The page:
Has Iran Really Relaxed Its Dress Code For Women? Not Really

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The "Islamic" dress code requires Iranian women to cover their heads. Hundreds of women have been detained and prosecuted for not obeying the rule for years.

Police will no longer arrest women in Iran’s capital city under the Islamic dress code enforced in the country since the 1979 revolution, Tehran's police chief, Brig. Gen. Hossein Rahimi, recently announced.

For nearly 38 years, Iranian women have faced detention and prosecution under the "Islamic" dress code rule that barred women from wearing nail polish, heavy makeup or loose headscarves.

“Based on a society-oriented, educational approach, the police will not arrest those who don’t respect Islamic values,” Rahimi said, according to the reports from the country’s official Islamic Republic News Agency. “It will instead educate them.”

The women found guilty of breaching the code will attend police structured classes on morality. However, repeated violations will lead to legal consequences, he added.

There are more than 100 centers in Tehran where “education” sessions have been given to nearly 8,000 people over code violations. Rahimi didn't specify when the new guidelines were introduced.

The statement from the police chief has marked a shift from his predecessor, Gen. Hossein Sajedinia. Last year, 7,000 undercover "morality" cops were deployed by Sajedinia just to confront cases of "bad hijab" — a blanket term used for women not dressed according to Islamic code.

In 2015, 40,000 such cases were dealt with, according to Tehran’s traffic police officials.

As part of the Islamic rule imposed in the country for the past four decades, Iranian women are required to cover their heads. However, many women have tried to defy the sexist law. Iranian activist and journalist Masih Alinejad is among these women.

Back in June, she started the hashtag "#WhiteWednesdays," a campaign to raise her voice against the unjust rule. Iranian women supported the movement by posting their pictures on social media wearing white clothes on Wednesdays.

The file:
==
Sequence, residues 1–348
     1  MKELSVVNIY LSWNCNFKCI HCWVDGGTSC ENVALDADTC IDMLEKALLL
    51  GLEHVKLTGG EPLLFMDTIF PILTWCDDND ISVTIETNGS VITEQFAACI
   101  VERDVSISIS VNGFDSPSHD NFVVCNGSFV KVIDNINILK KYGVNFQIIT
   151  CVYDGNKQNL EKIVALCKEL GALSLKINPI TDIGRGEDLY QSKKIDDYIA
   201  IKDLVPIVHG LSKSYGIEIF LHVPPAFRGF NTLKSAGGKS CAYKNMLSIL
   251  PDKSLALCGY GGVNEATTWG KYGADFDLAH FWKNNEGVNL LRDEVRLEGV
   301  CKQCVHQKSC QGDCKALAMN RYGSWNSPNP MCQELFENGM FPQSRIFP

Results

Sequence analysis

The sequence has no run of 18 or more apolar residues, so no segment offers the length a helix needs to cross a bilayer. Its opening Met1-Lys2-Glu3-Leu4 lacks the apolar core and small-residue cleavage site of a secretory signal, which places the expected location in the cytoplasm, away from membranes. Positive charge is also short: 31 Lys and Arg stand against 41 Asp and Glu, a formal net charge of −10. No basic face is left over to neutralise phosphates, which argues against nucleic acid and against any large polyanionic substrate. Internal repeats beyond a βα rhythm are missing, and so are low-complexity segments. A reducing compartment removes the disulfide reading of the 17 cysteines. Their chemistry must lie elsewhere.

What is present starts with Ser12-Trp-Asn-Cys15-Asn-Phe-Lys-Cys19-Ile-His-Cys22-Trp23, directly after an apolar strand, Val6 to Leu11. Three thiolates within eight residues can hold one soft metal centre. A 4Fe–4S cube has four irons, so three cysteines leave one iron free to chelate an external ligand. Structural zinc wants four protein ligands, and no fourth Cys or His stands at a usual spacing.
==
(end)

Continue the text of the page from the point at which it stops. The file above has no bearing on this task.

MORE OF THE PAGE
Alinejad shared the pictures on the Facebook page of her website, "My Stealthy Freedom." In some images, women were even seen taking off their head scarves calling for an end to the mandatory hijab.

Responding to the recent development, Alinejad said Iranian officials need to understand that how a woman dresses up should be of no concern to them.

 

??? ?????? ???? ?? ????? ????? ?? ???? ???? ? ???? ?????? ??? ??????. ????? ????? ???? ????????? ????? ???? ?? ???? ?????? ?? ?? ????? ??????? ??? ????! ????: "??? ?? ????? ??????? ???? ????? ?? ????? ?????? ?????? ?? ????? ???????? ???? ?? ????????????? ???????? ? ?????? ??????? ????? ??????? ???? ?? ???????? ?????? ???? ??????." ??? ???? ??? ???? ?????? ????? ??? ?? ??? ?????? ?? ???? ??? ?? ?? ???? ??????? ? ?????? ?? ?? ??? ???? ? ?? ?????? ???? ???? ???? ?? ??? ?????. Tehran’s police chief, Sardar Rahimi, has just announced that the authorities would cease to arrest “badly-veiled” women. Rahimi said, “based on the new directives received from NAJA (Law Enforcement Force of the Islamic Republic of Iran), women who are deemed to have contravened the Islamic dress code will no longer be sent to a detention house and they will not have a case created against them. Instead, they will be required to attend educational classes [to inculcate Islamic values into them]”. Basically, the Islamic Republic thinks that these women are flouting the Islamic dress code because they have not been taught the right values! It seems that the Islamic Republic is still skirting around the problem by avoiding a real solution. It would have better for the officials of the Morality Police, the Security Forces, and the supporters of the compulsory veiling law to attend real educational classes where they could learn to respect women and to avoid interfering with their choices. They should understand that in this day and age, how women dress is none of their business. This is a small victory but a victory nevertheless. But our true victory is when compulsory hijab is abolished. #????????_???_???? #????????_???_????_????? #whitewednesdays

A post shared by Masih Alinejad (@masih.alinejad) on

 

“This is a small victory but a victory nevertheless. But our true victory is when compulsory hijab is abolished,” she wrote on her Instagram.

The rule might have eased but the core issue; i.e. Iranian authorities schooling women on what to wear, remains the same. Women have all the right to make their choices and live their lives according to their will. Educating them on their choices and not arresting them might be a step in the right direction but it's certainly not a viable solution.

Thumbnail Credits: Darren Staples/Reuter

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